And on the subject of husbands and wives - where - by all the gods - is Marcius Phillipus, Atia's second husband, who by all acounts, was a pretty decent step-father to her children?

 

Oh, heck, forget Phillipus, where is my Porcia? ;) I hope she shows up next season.

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The original US government system was, in a way, based on the Roman Republican system. Maybe the statue was a tribute to Rome's pre-Imperial government.

 

 

I think Washington is compared to Cincinnatus because Washington was popular enough to have become King if he had wanted. Alexander Hamilton even suggested something along those lines. However, Washington served a mere two terms in the vaguely defined office of President and then retired, much as Cincinnatus had done after serving his term as dictator.

 

 

Sorry to have seen this thread so late. The XVIII Century American founders had a fascination with ancient institutions as being about pure disinterested public service, in an age before what they saw as society being tainted with religious, Popish supersticion and despotism. George Washington was called a Cinncinnatus because after the Revolution ended he resigned all his offices and went home to his farm. This act amazed George III and Louis XVI, that "the great Generalissimo of the Americas should so casually walk away from power like some legendary Roman?" Cinncinnatus, according to Livy. And after serving his two terms as president he went home again. In Europe that simply wasn't done. monarchs don't retire. And at that time even democratic states like England and Holland had princes on top. The only other country than America to exist without a crowned head were the Swiss Cantons.

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But monarchs have other uses and advantages.

 

And many republican states have ended up with pretty undesirable heads of government or state as I recall - including a few today!!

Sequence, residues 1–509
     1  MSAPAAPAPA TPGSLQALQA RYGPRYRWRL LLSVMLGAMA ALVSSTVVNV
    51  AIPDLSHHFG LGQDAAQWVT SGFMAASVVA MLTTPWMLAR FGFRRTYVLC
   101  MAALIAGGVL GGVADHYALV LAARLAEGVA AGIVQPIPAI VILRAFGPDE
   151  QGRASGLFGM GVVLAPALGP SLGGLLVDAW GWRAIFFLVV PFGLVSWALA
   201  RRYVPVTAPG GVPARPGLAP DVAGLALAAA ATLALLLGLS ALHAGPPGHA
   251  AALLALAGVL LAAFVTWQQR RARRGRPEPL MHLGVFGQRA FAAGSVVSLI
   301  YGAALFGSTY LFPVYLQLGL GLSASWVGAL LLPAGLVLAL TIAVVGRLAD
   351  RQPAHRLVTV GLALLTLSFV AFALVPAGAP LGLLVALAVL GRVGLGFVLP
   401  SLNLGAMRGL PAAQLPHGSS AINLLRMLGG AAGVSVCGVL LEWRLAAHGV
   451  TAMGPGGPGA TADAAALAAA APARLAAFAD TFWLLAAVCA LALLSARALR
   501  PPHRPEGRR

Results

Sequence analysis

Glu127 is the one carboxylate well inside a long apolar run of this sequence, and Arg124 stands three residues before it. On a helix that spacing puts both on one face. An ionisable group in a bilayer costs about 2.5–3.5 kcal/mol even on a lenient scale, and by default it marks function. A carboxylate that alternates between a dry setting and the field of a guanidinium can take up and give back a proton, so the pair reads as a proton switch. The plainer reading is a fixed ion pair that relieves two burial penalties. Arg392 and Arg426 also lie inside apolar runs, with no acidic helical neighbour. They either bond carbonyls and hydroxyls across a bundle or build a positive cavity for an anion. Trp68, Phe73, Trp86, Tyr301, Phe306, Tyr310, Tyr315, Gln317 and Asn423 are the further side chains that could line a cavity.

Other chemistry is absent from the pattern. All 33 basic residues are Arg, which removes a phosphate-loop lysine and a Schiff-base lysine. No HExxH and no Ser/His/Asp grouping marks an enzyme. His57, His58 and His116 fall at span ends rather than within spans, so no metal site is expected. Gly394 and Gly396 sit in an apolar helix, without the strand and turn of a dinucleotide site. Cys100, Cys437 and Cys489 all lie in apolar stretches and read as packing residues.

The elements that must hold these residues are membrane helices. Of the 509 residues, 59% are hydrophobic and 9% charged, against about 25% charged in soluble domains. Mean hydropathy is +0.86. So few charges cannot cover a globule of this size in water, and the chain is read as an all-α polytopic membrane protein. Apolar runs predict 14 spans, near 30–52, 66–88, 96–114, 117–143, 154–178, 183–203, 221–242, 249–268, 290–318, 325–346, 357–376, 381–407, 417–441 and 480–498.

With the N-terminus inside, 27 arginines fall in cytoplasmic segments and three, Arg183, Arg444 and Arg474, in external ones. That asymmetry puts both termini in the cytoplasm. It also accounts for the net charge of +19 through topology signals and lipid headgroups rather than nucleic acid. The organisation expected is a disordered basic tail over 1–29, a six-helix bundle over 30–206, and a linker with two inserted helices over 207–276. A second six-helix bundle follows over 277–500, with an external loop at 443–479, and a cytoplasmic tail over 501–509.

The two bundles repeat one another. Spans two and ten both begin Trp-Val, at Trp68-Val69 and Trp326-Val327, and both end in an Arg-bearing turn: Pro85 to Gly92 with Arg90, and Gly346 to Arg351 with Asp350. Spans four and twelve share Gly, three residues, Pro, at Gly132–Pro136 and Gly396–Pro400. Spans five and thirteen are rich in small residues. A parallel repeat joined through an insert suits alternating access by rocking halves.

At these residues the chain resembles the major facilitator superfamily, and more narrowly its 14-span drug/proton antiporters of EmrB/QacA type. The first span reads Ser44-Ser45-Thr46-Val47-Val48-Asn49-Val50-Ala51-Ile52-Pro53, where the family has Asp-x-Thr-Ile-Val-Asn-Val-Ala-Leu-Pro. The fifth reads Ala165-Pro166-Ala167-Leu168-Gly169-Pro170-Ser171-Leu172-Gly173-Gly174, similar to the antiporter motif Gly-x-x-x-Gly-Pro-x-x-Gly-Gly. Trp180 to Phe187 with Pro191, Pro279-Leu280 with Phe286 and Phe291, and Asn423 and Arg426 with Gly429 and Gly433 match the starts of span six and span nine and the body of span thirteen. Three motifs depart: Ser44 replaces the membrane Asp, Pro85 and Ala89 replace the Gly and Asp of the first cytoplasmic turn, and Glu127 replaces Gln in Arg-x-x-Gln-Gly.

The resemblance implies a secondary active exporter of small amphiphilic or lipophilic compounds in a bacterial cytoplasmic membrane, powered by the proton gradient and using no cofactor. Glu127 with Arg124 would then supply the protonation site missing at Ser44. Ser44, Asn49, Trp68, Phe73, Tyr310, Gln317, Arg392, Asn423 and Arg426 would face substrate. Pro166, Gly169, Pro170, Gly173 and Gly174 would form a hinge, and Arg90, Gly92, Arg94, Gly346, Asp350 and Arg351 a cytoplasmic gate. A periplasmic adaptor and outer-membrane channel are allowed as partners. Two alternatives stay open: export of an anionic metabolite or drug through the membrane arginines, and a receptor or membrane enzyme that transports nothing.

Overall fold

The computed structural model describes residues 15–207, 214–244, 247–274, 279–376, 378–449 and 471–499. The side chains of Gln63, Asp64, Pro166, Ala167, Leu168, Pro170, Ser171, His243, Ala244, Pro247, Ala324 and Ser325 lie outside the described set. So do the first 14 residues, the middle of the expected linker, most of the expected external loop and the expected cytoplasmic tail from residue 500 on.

But I am always inclined, personally, to get behind titles and look at the political reality.

 

Titles and terminology tends to have fashions and to reflect the dynamic of a particular historical period.

 

Thus the celts had kings and high-kings, "ricons, ard-righs, etc" but their roles and powers reflected a tribal culture and the term "king" as a transaltion can IMHO mislead.

 

The Romans threw out their "rex" (but how much do we know about his powers) and replaced the office with balanced consuls (but the powers may not have changed, just been shared). It's all in the name.

 

Later, words like Imperator and princeps (already existing but with a different connotation were employed). The title and role of Dictator - every different from tjhe modern usage and implictions was eventually abolished. But Caesar (a name) and Augustus came into use. How nearly we might today be referring to the Roman Romuli has Octavian made a different choice.

 

Moving ahead - in the middle ages titles like king; Count and Duke did not bear their modern definitions. The latter two were derived from late Roman military ranks or positions. To interpret them with modern notions of aristocratic hierarchy would be wrong.

 

Napoleon made himself an "emperor" deiberately looking back to Rome. Today a man with similar ambitions and in a similar position, might title himself Leader, or Chancellor, President or Chairman. But that reflects modern bias and taste - NOT IMHO the underlying power or requirement.

 

My point - that simplistic analyses of contitutions which simply say "monarchy" bad; "republic" good; President = modern and democratic; king = class ridden and old -fashioned; miss the point. Look at the roles and the evolution of that state; look at the way the office has been handled. That, IMHO says much more.